Mr. Speaker, I am very proud to rise on behalf of the people of Timmins--James Bay who elected me to come here and bring their concerns and review the legislation that we deal with at different times.
I am proud to rise today on Motion No. 559 on the question of working with charities and encouraging the ability of people to give to charities, and getting that to the finance committee.
It is certainly an issue that we should bring forward in the finance committee. There will be a number of questions about the efficacy of the approach that is being suggested, but if we hear witnesses and we work with all four parties, we could actually move toward a better role for charities.
I think of my riding of Timmins--James Bay and some of the phenomenal work that goes on. I would like to begin by talking about the Lord's Kitchen, which is still in the basement of old Nativity Church, although the parish has moved over to St. Antoine's. Some might say the Lord's Kitchen Society is a charity, but to me it is a community centre where seniors and young aboriginal kids come, where families come for weekly dinners. It is one of the most welcoming environments I have seen.
I think of Ed Ligocki in South Porcupine who has been running the Good Samaritan Inn for 10 years, and the amazing work the inn does in dealing with the homeless.
Homelessness is not just an issue in urban centres. We see it in the north and of course we see it in frightening numbers in our aboriginal communities. We see that level of grassroots charitable work, but we have it at a number of levels that shows the complexity of charitable giving in this country, for example, the work that is done by the Literacy Council of South Temiskaming. We see it with groups such as the Timmins highland dancers who are raising money this week for the Heart and Stroke Foundation. The Cochrane Temiskaming Children's Treatment Centre does amazing work with its integrated services for the northern children program.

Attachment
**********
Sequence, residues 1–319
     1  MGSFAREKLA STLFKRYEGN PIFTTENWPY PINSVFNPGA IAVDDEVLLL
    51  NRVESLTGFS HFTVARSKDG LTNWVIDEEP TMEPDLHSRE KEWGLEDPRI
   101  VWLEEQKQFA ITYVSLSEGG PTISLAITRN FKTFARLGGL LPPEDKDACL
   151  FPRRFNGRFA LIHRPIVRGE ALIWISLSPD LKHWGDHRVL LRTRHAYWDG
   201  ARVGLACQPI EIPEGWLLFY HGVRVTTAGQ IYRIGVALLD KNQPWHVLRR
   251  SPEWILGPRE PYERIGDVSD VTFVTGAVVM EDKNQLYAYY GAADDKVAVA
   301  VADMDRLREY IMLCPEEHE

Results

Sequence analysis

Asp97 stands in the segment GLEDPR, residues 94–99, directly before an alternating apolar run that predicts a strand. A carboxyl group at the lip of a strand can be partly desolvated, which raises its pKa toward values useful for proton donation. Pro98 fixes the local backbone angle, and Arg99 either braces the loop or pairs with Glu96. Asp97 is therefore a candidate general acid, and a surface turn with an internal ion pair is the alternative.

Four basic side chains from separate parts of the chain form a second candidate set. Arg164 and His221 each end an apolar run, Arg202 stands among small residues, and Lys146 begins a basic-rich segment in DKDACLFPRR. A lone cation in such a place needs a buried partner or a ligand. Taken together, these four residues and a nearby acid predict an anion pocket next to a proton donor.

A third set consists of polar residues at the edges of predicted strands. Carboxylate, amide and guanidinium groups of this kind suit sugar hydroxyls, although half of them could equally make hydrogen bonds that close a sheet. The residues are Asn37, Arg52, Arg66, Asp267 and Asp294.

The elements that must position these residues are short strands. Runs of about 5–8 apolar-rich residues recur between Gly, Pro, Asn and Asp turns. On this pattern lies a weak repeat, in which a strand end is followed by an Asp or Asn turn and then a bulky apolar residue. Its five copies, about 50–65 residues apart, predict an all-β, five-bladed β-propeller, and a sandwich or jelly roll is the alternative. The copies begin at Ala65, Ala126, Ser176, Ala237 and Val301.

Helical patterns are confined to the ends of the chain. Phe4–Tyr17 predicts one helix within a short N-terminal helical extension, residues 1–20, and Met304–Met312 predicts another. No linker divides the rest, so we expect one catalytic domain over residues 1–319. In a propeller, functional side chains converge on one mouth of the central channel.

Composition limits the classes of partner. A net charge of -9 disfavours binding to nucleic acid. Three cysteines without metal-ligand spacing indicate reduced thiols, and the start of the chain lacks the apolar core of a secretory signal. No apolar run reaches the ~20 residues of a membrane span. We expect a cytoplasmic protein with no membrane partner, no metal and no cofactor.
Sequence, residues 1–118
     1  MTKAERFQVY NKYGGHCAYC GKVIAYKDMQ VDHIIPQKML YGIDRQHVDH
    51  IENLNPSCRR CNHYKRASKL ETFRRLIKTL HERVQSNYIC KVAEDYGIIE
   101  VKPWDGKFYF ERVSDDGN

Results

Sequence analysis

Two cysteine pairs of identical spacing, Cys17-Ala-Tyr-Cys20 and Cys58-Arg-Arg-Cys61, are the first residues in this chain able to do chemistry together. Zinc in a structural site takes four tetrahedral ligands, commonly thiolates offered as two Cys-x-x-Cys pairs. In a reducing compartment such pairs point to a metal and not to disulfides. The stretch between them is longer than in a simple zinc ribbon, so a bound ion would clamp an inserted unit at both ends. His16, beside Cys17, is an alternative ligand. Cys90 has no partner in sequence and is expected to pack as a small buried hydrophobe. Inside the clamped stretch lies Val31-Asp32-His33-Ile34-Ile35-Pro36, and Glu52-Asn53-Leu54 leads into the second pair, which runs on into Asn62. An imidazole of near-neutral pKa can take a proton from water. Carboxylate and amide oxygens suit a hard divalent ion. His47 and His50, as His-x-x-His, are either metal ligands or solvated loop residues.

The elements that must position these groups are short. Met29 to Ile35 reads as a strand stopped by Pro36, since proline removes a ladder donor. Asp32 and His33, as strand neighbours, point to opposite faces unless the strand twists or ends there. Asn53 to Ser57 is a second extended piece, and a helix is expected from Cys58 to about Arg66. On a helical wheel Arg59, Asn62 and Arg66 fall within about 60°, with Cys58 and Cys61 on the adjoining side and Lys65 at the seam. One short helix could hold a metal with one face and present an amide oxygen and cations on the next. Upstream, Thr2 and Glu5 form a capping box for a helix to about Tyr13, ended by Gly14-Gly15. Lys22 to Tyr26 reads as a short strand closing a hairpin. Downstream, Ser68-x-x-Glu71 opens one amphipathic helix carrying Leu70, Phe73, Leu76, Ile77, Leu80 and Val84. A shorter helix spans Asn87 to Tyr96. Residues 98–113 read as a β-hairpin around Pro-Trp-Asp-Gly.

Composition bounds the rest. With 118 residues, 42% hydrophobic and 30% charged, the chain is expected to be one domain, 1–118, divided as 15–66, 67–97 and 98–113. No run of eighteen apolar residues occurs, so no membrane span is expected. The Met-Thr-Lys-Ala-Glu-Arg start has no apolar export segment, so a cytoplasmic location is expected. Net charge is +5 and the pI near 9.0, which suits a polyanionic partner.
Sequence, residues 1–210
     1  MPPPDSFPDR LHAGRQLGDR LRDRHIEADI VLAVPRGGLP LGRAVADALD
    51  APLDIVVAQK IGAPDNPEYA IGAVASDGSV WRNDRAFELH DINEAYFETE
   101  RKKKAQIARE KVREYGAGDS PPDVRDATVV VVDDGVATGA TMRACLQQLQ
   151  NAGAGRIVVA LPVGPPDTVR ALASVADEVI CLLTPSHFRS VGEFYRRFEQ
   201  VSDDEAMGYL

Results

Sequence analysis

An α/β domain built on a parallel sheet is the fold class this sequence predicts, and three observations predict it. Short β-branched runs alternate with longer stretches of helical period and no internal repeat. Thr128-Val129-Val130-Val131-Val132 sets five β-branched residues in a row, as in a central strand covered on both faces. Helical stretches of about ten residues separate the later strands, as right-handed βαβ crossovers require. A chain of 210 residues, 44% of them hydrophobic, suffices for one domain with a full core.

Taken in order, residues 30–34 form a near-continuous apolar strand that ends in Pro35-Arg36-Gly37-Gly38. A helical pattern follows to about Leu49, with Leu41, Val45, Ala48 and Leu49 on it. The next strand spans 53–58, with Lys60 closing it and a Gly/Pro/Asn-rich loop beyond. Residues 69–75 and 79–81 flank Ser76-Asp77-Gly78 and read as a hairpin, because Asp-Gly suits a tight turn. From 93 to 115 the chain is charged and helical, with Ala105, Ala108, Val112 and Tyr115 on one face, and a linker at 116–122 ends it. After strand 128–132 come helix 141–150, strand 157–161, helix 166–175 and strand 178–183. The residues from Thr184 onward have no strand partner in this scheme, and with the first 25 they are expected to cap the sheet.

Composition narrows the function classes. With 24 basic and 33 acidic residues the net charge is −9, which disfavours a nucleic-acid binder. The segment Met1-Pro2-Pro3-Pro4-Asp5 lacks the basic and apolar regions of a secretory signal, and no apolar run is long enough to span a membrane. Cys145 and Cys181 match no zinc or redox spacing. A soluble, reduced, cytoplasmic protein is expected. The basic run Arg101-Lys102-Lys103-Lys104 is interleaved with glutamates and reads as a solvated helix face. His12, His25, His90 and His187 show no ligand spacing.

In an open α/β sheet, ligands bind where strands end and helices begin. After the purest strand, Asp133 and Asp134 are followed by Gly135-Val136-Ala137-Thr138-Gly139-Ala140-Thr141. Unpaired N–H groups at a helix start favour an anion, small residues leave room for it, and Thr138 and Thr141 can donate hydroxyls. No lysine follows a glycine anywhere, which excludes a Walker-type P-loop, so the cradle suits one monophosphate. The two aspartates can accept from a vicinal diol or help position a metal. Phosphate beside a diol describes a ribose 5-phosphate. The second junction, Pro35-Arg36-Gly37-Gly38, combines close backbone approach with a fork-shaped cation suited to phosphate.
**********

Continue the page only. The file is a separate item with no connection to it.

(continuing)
All across the vast region of Timmins--James Bay there are people who are volunteering and who are doing so much of the work that needs to be done in order to make civil society a truly humane society, where people who are falling through the cracks are cared for. We see it with the support for arts in our area. We see it for the cultural organizations in our area. We want to encourage that people are able to continue giving money.
When I look at this motion, one of the questions I have is that perhaps a more efficient way of dealing with charities is to clear up what actually should be a charity and what should not be. There are many groups competing for charities and some of them perhaps should not be able to get charitable donations. If we cleared that up, there might be a better pool of money for the groups that are legitimate charities.
One of the groups that I think of right off the top of course is the Fraser Institute. The Fraser Institute claims that it is there to represent the free market. Of course, the Fraser Institute attacks all manner of public institutions, yet it does so under the guise of being a charity. I look at where the institute gets its money from.
It is very disturbing that Exxon Mobil, the oil company, could funnel money through the Fraser Institute to do so-called studies on climate change. We know what kind of climate change studies the Fraser Institute has come up with. The Fraser Institute has attacked the Kyoto protocol. Here is a quote:
The climate change activists are exaggerating the certainty in the linkage between human action and climate change.